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work to the public. I have made frequent quotations from the works of that great theologian, Dr. John Lightfoot. My references all have respect to the edition published in London, by Rev. J. R. Pitman, 1825, 13 vols. 8vo.
The Scriptural proofs of Universalism, contained in Chapter III., are as full as the space would allow, which I allotted for that purpose. Let it be observed, that these are scriptural proofs merely. Many of the arguments which Universalists employ, are unavoidably omitted. The basis of the arguments in Chapter III., is the original "One Hundred Arguments for Universalism," published by me several years ago. While I have retained the substance of that little work, the arguments are so much enlarged, that its visage will hardly be recognised. I have put down under each sacred author, what he has said on the great salvation; but in some cases, where the testimony had been included under some other head, it is omitted under the author's name.
My original purpose was, to have concluded this work with some observations of my own, on the evidences of revealed religion; but I soon abandoned that design, on account of my inability to compress the principal evidences into the compass of one chapter. But I have given entire (what I am sure is much better for the reader) that inestimable work, which never yet has been answered, Leslie's "Short Method with the Deists," one of the most popular and valuable essays in defence of revealed religion, that has ever been published. In some very slight instances, I have modified his phraseology, to avoid his references to the doctrine of endless misery, which he seems fully to have believed.
MARCH 1st, 1840.
PLAIN GUIDE TO UNIVERSALISM.
WHO ARE UNIVERSALISTS?
1. UNIVERSALISTS are those who believe in the eventual holiness and happiness of all the human race, as revealed to the world in the Gospel of the Lord Jesus Christ.
They are supposed by some to be of a very recent origin; but it is well known, that there have been Universalists in almost every age, since the word of God was revealed to the children of men.
II. Even in the Old Testament we find very distinct traces of the doctrine of Universalism. The promises of God to Abraham, Isaac, and Jacob; the prophecies of David, Isaiah, Jeremiah, and several other of the prophets, distinctly foretell the approach of the time, when sin shall be finished, and all the nations of the earth shall be blessed in Christ Jesus our Lord.
"Jesus Christ not only revealed God in the specific character of a Father, and declared the love of God to the world, even to the evil and to the unthankful, as the cause of his own mission, and laid down other distinguishing principles of Universalism; but he also professed, explicitly, to be the Saviour of the world, not a part merely; asserted, that he would actually draw all men unto him; and maintained, that all who shall be raised from the dead will be equal unto the angels, and be the children of God, being the children of the resurrection. * * * * St. Paul taught a gathering of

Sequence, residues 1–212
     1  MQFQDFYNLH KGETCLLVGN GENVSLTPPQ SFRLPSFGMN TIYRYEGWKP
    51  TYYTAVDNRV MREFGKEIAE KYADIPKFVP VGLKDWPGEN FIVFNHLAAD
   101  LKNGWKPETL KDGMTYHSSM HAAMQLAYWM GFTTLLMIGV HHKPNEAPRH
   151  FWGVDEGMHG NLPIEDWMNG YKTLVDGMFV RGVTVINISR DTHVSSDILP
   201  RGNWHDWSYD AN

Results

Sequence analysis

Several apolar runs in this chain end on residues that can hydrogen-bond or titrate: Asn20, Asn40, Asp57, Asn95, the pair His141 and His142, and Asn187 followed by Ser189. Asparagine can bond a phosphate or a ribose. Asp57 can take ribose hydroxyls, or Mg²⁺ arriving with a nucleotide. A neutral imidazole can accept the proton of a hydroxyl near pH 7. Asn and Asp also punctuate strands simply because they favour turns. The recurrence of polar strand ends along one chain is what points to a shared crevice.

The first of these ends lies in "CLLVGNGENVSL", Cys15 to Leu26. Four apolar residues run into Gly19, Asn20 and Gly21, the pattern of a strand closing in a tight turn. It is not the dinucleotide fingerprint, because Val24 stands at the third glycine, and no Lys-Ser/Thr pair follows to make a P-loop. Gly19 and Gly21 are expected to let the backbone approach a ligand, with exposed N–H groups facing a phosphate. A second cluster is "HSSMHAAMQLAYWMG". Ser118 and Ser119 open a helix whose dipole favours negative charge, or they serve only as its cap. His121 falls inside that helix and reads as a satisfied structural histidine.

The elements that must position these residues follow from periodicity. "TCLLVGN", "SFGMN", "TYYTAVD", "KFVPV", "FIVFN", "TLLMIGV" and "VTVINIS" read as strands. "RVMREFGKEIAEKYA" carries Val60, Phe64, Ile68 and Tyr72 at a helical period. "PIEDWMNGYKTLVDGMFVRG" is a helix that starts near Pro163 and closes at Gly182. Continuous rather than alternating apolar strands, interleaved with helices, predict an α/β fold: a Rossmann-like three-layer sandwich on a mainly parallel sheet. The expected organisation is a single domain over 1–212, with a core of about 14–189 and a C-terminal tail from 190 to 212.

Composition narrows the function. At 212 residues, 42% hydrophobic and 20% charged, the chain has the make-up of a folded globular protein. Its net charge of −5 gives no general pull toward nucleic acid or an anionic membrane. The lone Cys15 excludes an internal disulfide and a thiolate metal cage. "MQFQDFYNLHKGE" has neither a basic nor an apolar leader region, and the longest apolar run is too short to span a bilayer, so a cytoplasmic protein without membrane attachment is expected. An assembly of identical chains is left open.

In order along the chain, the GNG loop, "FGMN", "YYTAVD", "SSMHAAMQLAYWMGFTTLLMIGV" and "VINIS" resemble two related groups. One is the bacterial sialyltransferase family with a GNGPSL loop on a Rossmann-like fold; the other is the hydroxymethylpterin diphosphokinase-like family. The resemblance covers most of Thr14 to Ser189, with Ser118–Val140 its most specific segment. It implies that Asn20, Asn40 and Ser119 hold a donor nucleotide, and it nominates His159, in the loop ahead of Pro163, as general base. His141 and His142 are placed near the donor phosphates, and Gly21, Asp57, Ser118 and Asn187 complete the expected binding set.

all things unto Christ, in the dispensation of the fulness of times, a universal reconciliation to God, through the blood of the cross; that God had included all in unbelief, in order to have mercy upon all; that of him, and through him, and to him, are all things; that Christ must reign until all things are subdued unto him; till all be made alive in him, so that, when he shall deliver up the kingdom to the Father, God shall be ALL IN All. (Universalist Expositor, Vol. IV. pp. 185, 186.) III. We find distinct traces of Universalism in the Christian church immediately after the age of the apostles, especially among the different sects of the Gnostics; and it is worthy of remark, that a belief in the final salvation of all men was not made a subject either of objection or reproach, for two or three hundred years after the death of the Saviour. There are very few works belonging to this period, that are extant. We find a distinct trace of Universalism in the Sybylline Oracles, that appeared about A. D. 140 or 150. Clement, of Alexandria, the president of the renowned Catechetical School in that city, held the doctrine of Universalism. He was the most learned and illustrious of all the Christian fathers before Origen. Origen, as is well known, was a decided Universalist, and taught and defended this doctrine in almost all his works. He was born A. D. 185. It does not seem, that during his life, any objections were made to him by his contemporaries on account of his believing in the salvation of all mankind. Immediately after Origen's day, we perceive, that many of the fathers maintained the doctrine of Universalism. Marcellus, Bishop of Ancyra, appears to have been a Universalist, and also Titus, Bishop of Bostra, who maintained (A. D. 364), that the torments of hell are remedial, and salutary in their effects upon transgressors. Gregory, Bishop of Nyssa, was a decided Universalist, A. D. 380. He believed, that all punishment would be remedial, and that, in the end, all mankind, and even the Devil himself, will be subdued and purified. One of his favorite proofs